Table 3 shows the anti-inflammatory activity of the tested lactobacilli. The L. rhamnosus TOM 22.8 strain, was able to downregulate the gene expression of COX-2 and to determine the upregulation of IL-10. In addition, the reduction of the expression levels of the IL-8 gene was detected (Table 3).
Capsules stability testing
The capsules stability during the 18-months storage at 25 °C ± 2 °C under 60% ± 5% of humidity revealed that the product was compliant with regulatory specification showing the absence of E. coli, Salmonella spp., and Staphylococcus aureus. In addition, Gram negative bile tolerant, total yeast and mould, and total aerobic microbial counts were lower than 1 log unit. High stability of the L. rhamnosus TOM 22.8 encapsulated strain was detected showing cell density of 10 log cfu/g after 18 months of storage (data not shown).
Demographic and clinical findings of patients recruited in the pilot study
Overall, 30 women, aged between 18 and 45 years (mean age of 36.73 ± 5.96 years), satisfying the inclusion and exclusion criteria, were enrolled in the pilot study. The demographic and clinical characteristics of the enrolled patients are shown in Table 4.
Participants’ self-reported signs or symptoms during the whole study are shown in Supplementary Fig. S1 online. At the baseline evaluation, all the examined women (100%) reported leucorrhoea and subjective vulvar discomfort, while mild symptoms of burning and itching were reported in 50% and 43% of cases, respectively.
Both A and B groups (vaginal and oral administration of the L. rhamnosus TOM 22.8 strain, respectively) showed a statistically significant improvement of self-reported symptoms at both T1 (10 days after the start of the administration) and T2 (30 days after the end of the administration) sampling times. On the contrary, during the first follow-up visit no improvement of clinical conditions was observed in patients subjected to a wait and see approach (group C), while a slight worsening of some self-reported symptoms was observed at the T2 follow up.
For each group, results of clinical criteria evaluation at baseline (T0), 10 days after the start of the treatment (T1), and 30 days after the end of the treatment (T2) are shown in Table 5. At the baseline assessment, all the examined women had at least 3 Amsel criteria, a Nugent score ≥ 7 or a Lactobacillary grade ≥ 2. Both A and B groups showed, at T1 and T2 sampling time, an improvement of all the clinical criteria taken into account. In fact, a statistically significant change of Amsel criteria and a reduction of Nugent score were achieved. In addition, the improvement of the Lactobacillary grade was detected during the whole pilot-study (Table 5). Different trend was observed in group C, which showed no symptoms improvement although no significant worsening was reported.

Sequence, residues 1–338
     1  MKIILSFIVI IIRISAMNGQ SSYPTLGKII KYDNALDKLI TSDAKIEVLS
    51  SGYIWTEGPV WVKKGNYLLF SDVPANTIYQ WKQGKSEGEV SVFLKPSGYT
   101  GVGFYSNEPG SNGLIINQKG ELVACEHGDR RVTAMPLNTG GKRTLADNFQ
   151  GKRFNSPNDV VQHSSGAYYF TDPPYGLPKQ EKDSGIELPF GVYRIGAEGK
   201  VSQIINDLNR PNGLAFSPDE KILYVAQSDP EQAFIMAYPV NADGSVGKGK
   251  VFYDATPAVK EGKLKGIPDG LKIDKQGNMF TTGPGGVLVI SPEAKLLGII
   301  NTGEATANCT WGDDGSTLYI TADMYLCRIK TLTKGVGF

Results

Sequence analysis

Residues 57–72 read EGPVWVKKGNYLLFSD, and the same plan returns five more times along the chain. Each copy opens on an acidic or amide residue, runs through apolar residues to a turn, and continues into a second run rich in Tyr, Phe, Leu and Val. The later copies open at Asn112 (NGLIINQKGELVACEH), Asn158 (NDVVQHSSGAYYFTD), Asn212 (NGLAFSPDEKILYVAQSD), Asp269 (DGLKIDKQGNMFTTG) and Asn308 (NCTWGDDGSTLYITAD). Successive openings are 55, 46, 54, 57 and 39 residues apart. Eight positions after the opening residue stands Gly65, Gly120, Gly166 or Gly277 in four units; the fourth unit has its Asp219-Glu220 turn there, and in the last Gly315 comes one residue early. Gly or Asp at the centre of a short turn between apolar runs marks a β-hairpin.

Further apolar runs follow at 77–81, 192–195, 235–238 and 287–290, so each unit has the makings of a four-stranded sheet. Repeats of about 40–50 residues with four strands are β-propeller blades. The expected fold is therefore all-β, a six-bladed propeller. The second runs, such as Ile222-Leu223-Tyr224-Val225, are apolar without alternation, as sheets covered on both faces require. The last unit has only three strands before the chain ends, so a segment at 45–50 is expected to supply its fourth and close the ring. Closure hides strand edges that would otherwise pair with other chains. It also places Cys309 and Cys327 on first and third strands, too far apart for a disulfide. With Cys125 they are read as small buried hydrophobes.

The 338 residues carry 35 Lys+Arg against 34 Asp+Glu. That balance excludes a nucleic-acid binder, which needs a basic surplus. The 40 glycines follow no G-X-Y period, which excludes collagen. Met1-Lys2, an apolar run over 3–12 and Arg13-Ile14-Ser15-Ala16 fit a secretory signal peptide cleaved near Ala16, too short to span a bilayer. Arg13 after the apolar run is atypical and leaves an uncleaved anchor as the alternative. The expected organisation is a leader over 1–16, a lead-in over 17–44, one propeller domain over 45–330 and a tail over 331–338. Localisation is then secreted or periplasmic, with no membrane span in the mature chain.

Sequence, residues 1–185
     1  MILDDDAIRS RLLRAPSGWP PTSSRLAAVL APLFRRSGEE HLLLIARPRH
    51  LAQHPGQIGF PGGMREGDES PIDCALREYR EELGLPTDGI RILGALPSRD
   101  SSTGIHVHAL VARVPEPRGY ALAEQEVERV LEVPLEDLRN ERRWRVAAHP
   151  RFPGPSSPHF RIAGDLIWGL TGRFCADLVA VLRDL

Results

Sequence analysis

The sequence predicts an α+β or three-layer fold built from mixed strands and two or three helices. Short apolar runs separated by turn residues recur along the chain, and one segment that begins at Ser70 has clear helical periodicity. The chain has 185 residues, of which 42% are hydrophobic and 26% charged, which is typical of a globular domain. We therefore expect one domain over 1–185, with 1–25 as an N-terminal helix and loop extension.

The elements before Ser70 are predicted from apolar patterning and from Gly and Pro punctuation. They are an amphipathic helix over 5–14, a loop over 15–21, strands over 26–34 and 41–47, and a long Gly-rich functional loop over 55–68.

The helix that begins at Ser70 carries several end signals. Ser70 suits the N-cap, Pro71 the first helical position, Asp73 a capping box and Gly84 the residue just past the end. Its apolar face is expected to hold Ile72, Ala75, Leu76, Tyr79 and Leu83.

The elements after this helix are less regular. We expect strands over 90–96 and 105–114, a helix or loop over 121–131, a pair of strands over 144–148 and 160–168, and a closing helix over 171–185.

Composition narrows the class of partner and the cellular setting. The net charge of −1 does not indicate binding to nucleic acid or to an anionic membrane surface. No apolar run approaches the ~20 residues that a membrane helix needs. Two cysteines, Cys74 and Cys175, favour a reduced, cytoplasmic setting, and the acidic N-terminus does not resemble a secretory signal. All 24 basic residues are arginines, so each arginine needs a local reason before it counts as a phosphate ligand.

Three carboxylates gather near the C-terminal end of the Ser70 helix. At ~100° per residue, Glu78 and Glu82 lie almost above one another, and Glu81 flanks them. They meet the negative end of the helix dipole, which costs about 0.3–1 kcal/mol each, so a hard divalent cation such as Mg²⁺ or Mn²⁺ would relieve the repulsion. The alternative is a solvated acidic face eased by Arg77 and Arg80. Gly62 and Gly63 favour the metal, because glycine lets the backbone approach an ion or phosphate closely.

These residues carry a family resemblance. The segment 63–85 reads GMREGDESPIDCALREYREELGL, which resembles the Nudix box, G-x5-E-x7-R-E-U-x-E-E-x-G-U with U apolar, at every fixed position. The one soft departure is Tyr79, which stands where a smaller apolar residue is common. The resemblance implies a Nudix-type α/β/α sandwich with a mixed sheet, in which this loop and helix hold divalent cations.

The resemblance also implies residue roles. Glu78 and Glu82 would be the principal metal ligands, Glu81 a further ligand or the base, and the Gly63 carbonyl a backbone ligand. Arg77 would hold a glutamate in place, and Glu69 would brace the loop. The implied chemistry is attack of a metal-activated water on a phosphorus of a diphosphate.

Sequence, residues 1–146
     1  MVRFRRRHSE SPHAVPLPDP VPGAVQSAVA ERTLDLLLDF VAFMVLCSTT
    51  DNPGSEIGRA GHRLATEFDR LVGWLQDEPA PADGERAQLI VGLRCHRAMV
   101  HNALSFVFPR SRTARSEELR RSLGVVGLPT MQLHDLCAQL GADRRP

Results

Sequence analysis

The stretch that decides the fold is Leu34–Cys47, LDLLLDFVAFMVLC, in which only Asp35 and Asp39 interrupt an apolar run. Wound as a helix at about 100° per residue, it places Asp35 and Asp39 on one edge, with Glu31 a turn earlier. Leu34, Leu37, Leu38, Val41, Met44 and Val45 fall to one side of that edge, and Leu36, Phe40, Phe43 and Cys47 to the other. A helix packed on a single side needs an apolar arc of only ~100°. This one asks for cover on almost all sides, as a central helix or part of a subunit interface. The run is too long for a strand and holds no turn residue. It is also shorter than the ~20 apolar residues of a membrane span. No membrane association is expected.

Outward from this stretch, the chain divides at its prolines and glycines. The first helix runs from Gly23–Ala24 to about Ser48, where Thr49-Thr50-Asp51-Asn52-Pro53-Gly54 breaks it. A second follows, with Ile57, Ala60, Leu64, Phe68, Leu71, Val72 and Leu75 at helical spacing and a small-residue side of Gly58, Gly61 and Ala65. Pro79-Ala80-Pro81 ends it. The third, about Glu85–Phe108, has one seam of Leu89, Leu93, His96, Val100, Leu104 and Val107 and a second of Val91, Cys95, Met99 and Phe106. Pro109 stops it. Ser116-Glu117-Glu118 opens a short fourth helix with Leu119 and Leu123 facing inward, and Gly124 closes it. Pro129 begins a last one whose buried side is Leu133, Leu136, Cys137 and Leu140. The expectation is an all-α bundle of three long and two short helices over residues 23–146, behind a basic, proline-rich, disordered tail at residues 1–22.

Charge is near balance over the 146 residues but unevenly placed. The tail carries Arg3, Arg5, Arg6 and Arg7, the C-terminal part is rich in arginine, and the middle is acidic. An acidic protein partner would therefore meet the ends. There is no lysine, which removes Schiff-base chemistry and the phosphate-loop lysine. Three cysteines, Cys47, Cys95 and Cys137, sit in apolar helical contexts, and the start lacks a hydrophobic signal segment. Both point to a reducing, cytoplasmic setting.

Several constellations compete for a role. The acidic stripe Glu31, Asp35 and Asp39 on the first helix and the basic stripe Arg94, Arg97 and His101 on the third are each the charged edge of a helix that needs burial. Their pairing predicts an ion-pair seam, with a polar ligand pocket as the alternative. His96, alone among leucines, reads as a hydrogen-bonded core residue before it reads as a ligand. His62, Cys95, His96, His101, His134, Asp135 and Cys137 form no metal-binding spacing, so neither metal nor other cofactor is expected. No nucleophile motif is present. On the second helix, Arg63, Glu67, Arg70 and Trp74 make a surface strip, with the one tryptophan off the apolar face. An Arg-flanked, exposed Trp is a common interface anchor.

No adverse events were recorded in either study group for all the entire observational period and nobody among participants was excluded from the study due to the onset of adverse events.
Microbial counts of vaginal swabs collected during the in vivo trial
Microbial counts, expressed as mean and standard deviation of log cfu/ml of the main microbial groups detected during the in vivo trial, are reported in Table 6. At baseline (T0), all participants had an imbalanced microbiota dominated by potentially pathogenic bacteria with reduced cell density of lactobacilli. After 10 days (T1) of vaginal (group A) or oral (group B) administration of the potential probiotic L. rhamnosus TOM 22.8 strain, a significant reduction of all the pathogenic bacteria was observed. On the contrary, the level of lactobacilli significantly increased (P < 0.05) of about 3 log units. Thirty days after the end of the treatment (T2) the vaginal microbiota composition was quite stable and similar to those observed at T1 sampling time.
Different trend was achieved for patients allocated in the wait and see group (group C). In fact, high cell density of the pathogenic bacteria and low lactobacilli count was observed at each sampling time (T0, T1, and T2). In addition, no significant changes in the vaginal microbiota composition was detected during the whole study.
Nowadays, the understanding of the vaginal microbiota balance and the concern about the treatment of dysbiosis have highlighted the promising role of probiotics as a new therapeutic or adjuvant treatment for vaginal microbiota homeostasis10,11.
Albeit a reasonable number of probiotic strains have been characterized, in recent years, the regulatory scenario for human probiotics has changed considerably. Notably, both the scientific community and industry have gained increasing interest in the identification of new strains with specific health-promoting properties. According to that, the present study was aimed to in vitro evaluate the probiotic potential of the L. rhamnosus TOM 22.8 strain and to in vivo validate its ability to restore a balanced vaginal microbiota. The aforementioned strain derived from a total of 400 vaginal isolates; 261 of which were previously screened16; among the remaining 139, the L. rhamnosus TOM 22.8 strain was in depth investigated in clinical evidence-based product development.